“Make the Thing that Makes Your Heart Beat Faster”

“And in the end
The love you take
Is equal to the love you make.”  – The Beatles

These are the lyrics that came to mind this afternoon on my way home from a friend’s memorial service while thinking about what I might write this evening.  They followed after recalling the comments of a favorite poet reflecting on death. He notes that what ultimately brings those who grieve together is recounting memories of the things the deceased person loved.  I can’t quote exactly as I don’t remember the specific source, but my own take on this is that the only thing we really have to leave behind of any value is love.

In the last few months I have witnessed the passing of too many, both people and animals, close to me either through friendship or kinship. Grief has been a teacher. It doesn’t go away just because I’d rather feel differently.  And for my friends and family members grieving, there seems to be nothing I can do other than to stand by and honor the way they need to deal with these losses.  What is clear is that through these experiences what we retain of our relationships with those who are no longer with us is love.  And to follow on my thoughts from yesterday about value; the value we place on what we do and who we are in life; and how we ascribe value; the question I have is, how can we use any measure other than love?  And how can we possibly measure another’s experience of love?  How is it that we have such a difficult time just “being”, and spend so much time “doing” in order to fulfill some elusive idea of value which lies hidden in the mysteries of love?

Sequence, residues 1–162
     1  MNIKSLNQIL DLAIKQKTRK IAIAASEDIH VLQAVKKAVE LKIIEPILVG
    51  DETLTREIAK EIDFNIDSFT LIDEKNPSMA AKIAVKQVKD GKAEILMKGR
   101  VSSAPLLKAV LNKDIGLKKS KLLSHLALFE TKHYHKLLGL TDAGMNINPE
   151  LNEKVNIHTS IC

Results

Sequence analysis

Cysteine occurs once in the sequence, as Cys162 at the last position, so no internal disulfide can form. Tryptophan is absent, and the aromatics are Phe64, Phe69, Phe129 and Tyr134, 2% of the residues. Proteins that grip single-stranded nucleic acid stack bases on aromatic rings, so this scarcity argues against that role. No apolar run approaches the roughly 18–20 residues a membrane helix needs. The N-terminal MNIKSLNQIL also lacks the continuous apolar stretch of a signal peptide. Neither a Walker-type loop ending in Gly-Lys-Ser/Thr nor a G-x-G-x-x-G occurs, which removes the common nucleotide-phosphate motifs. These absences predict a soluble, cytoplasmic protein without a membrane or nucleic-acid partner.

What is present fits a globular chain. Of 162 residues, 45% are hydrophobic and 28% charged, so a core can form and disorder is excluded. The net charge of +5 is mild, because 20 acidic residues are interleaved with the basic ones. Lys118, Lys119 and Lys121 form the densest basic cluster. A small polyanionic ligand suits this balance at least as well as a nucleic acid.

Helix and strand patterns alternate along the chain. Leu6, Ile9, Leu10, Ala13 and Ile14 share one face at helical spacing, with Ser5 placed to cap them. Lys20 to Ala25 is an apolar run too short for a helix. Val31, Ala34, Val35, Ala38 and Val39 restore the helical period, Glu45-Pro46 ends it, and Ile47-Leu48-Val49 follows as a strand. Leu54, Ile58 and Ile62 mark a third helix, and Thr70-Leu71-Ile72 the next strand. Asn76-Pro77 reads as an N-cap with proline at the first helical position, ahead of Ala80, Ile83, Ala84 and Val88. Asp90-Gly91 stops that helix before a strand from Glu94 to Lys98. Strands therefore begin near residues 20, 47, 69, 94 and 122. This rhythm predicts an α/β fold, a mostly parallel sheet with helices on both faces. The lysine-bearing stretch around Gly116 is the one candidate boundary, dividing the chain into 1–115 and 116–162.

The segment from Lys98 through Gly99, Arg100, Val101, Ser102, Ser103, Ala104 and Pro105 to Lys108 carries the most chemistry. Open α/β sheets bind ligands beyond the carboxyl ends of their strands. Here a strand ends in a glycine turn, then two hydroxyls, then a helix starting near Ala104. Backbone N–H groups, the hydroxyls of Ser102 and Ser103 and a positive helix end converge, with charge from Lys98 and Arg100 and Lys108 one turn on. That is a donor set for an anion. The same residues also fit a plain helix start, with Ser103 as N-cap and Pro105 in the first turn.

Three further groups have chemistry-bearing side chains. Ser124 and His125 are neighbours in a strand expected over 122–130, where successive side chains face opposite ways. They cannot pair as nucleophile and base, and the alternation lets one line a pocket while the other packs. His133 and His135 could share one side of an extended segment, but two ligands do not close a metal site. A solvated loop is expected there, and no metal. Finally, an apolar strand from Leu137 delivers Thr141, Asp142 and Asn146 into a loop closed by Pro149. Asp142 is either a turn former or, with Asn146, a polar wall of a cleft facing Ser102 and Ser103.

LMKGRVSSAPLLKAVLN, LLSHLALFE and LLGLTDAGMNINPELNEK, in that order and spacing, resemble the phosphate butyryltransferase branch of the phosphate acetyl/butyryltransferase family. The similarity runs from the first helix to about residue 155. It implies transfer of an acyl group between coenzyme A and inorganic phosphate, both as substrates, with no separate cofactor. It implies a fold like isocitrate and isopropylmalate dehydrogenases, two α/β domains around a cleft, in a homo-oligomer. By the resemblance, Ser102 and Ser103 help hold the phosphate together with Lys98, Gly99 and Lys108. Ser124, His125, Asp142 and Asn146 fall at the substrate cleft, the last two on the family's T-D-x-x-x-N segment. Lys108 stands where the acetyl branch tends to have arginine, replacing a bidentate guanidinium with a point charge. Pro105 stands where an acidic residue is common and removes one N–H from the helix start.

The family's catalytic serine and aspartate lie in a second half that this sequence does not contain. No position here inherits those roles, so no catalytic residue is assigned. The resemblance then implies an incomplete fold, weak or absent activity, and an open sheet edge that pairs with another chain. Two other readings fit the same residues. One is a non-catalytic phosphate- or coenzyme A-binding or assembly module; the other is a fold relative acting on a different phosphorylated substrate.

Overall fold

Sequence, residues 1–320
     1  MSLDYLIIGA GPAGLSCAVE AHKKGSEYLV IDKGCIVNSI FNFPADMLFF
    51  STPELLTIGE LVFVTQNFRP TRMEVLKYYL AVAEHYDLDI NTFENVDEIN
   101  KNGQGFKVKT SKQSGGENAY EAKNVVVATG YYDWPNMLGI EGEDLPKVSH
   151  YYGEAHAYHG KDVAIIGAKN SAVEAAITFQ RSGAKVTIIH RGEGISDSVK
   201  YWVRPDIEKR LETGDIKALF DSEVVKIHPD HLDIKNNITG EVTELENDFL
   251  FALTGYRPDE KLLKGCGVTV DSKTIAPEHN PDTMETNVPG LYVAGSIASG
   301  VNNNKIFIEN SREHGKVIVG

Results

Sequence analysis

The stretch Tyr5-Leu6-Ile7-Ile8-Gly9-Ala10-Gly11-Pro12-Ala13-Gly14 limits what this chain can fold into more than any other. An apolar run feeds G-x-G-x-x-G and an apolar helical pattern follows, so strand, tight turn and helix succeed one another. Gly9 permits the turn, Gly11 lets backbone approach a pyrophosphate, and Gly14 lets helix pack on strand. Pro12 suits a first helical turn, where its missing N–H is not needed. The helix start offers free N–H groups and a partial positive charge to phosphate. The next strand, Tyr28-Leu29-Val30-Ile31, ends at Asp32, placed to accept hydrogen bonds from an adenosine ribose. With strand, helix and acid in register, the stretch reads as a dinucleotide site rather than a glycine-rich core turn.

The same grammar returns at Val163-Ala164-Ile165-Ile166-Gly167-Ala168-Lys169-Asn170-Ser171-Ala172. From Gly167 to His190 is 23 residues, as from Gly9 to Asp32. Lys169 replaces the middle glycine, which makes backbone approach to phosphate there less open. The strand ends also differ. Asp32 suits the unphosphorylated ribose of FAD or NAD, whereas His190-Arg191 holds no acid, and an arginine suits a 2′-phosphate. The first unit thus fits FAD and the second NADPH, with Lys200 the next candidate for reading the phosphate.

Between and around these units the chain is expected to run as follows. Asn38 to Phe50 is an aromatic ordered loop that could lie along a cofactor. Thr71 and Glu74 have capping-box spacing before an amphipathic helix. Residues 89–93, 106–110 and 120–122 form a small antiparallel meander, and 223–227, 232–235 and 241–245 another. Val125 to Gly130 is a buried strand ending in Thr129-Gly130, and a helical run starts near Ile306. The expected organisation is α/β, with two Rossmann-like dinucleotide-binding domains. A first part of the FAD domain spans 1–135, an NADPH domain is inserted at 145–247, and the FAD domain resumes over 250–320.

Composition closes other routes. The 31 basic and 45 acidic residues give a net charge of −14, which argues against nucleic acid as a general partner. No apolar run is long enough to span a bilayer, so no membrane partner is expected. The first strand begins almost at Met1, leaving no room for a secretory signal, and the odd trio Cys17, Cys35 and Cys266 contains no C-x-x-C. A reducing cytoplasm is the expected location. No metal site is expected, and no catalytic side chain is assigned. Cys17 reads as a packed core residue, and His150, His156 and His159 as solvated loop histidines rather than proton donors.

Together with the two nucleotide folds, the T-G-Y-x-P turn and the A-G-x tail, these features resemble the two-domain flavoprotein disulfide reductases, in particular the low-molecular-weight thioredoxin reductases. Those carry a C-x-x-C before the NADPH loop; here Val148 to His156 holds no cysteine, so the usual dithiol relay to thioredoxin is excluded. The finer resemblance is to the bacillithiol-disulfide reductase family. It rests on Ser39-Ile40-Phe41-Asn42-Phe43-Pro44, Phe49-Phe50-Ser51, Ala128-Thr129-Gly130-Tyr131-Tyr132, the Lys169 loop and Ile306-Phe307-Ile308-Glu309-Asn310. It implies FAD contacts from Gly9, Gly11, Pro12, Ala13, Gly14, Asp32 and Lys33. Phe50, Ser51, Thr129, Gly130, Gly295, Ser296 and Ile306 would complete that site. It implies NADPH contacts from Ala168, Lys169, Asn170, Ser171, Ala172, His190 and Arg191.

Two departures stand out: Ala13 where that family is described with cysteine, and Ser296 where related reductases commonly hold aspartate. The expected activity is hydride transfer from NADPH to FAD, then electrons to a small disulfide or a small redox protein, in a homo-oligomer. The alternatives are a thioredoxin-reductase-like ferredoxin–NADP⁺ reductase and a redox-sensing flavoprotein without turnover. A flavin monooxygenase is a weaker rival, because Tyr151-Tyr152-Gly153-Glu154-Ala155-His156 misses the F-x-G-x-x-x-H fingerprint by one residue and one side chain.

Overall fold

I can’t answer those questions at 11:54 pm.  And I probably won’t get this posted by midnight, so my version of today will end up being tomorrow… January 10. I guess there will be two January 10ths in my version of reality TV.  I wonder how many times that will happen in the course of this 365 day journey…